The alligator hunt returns
Georgia is becoming one of the last states to lift the ban on hunting - an effort to thin gator populations.
| CHATTAHOOCHEE COUNTY, GA.
Scanning the lush banks of the Chattahoochee River, Bob Hinson cranes his neck from atop his rumbling airboat. Annoyed herons - great blues and greenbacks - crane back amid the water oaks.
But the grumpiest river resident is nowhere to be found. Itching to become one of the first to hunt alligators here in 36 years, Mr. Hinson, a gold-watch-wearing furniture dealer from Columbus, Ga., isn't too concerned about the lack of gator sign during a humid day's sojourn deep into the Chattahoochee's swamps.
"Don't let 'em fool you," he says with a knowing grin. "There are some monsters out here."
After mass hunts made the alligator an endangered species in the 1960s, these lethal logs are today a conservation success story in the South. Bans on hunting in the 1960s and 1970s allowed the reptiles to replenish their populations to the point where, even with the return of commercial harvesting of gators in Florida, South Carolina, and Louisiana, their numbers keep growing.
Now Georgia is about to become one of the last states in the "alligator belt" to lift its ban on hunting, reviving an old sport and a debate over whether this is the humane thing to do with one of earth's oldest descendants.
As in other states, the purported impetus behind the move here is too much of a good thing: Alligators have become so plentiful that they are showing up uninvited in subdivisions and on golf course greens. A few are reported to be such frequent guests that they have their own handicaps. In other areas, they are eating too many trophy bass.
As a result, the state this fall will give out 180 permits for hunters to begin culling from the estimated 200,000 alligators that now inhabit the low country of Georgia. Unlike in Florida and Louisiana, these won't for the most part be commercial hunters. The commercial hunters left the state long ago.
Instead, to the consternation of some animal-rights activists, state game managers are now turning to a new breed of Crocodile Dundees - many of whom drive SUVs instead of boats - to hunt alligators for sport. "[Other states] have more of a commercial harvest, where ours is more of a sportsman's season," says state biologist Greg Waters, who's managing the new hunt, opening in September, for the Georgia Department of Natural Resources. "I'd say 98 percent of the hunters will probably be inexperienced as far as catching alligators."
Florida now has dozens of gator guides skimming Lake Kissimmee - and Louisiana's bayou dwellers bring in some 32,000 gator hides a year as part of a $54 million commercial industry.
In fact, Louisiana has been able to successfully encourage private landowners - who own most of the alligator range - to keep their lands undeveloped and survive on commercial harvesting alone. Those states also have plenty of old swamphands to thin populations. "[Louisiana's game managers] don't just allow any John Doe off the street to apply [for a permit]," says Noel Kinler, the alligator program chief at the Louisiana Department of Wildlife and Fisheries.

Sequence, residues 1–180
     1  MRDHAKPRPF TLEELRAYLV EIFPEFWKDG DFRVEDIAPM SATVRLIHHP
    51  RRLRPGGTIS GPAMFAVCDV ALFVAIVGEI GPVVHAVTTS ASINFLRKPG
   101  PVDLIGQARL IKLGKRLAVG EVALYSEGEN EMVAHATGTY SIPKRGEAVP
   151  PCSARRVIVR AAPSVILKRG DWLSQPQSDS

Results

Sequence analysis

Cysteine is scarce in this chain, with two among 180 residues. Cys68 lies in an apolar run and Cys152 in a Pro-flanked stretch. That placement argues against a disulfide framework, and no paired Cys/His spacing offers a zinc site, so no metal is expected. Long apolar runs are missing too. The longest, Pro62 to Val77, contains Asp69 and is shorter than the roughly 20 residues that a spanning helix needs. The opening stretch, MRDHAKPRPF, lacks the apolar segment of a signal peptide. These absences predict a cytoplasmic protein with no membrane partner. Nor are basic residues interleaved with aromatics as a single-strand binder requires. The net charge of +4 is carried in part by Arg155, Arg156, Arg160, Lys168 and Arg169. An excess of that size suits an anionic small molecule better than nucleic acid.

Even for the experienced, however, hunting alligator is not like landing a pan fish. First of all, a full-grown bull gator can weigh 500 pounds and be as fast on the sprint as a quarterhorse. Never mind that they've had 18 million years to grow comfortable in these mocha-colored waters. (All of which may explain why only 75 hunters so far have signed up for the 180 permits in Georgia.)
Still, hunters don't need an Australian accent to catch one. Going out mostly at night, where he or she is allowed to use a light to "spot" eyes in the swamps, the hunt captain lunges the airboat toward the animal while the "spearman" lurches for the target. Then the "rope man" keeps track of a buoy attached to the spear tip, chasing the gator until it's exhausted. Usually something goes wrong, Hinson says: Either equipment fails or the animal outwits his pursuers.
When the chase is done, hunters have to manhandle the gator up to the boat and either ensnare it or euthanize it with a "bangstick" - a javelin rigged with a .44-caliber shell. "When you've got him up to the boat, your heart just goes boom-boom-boom," says Hinson, a veteran hunter who is built like a linebacker.
Wildlife managers don't foresee any deaths among the hunters, but they do expect injuries. The state is even putting on seminars to help hunters stay safe. How not to get ensnared in the infamous alligator "death roll" will be one topic of conversation.
So far, the public seems eager to see the hunt succeed. At least one swimming hole this year was closed because an 11-foot gator was a frequent guest. Catfish ponds are being raided. Several alligators recently broke into a fish hatchery in Wilcox County, Ga., and dined on bass.
Last year, 450 "nuisance" gators were taken in Georgia - a number that's growing. And trouble is on the increase, especially in Florida, where alligator attacks have gone from about five per year to more than 14.
Still, not everyone likes the idea of killing alligators, even if they're plentiful. Some animal rights activists and biologists fear that hunting trophy bull alligators, which are worth the most money, targets the most successful creatures, destabilizes local waterways - and perhaps invites even more trouble.
"It's better to try to coexist with the animal that is present than remove them and potentially bring in ... a greater problem," says Camilla Fox, the national campaign director for the Animal Protection Institute in Sacramento, Calif.
Others say alligators can, in fact, be managed to coexist with humans with the help of volunteers.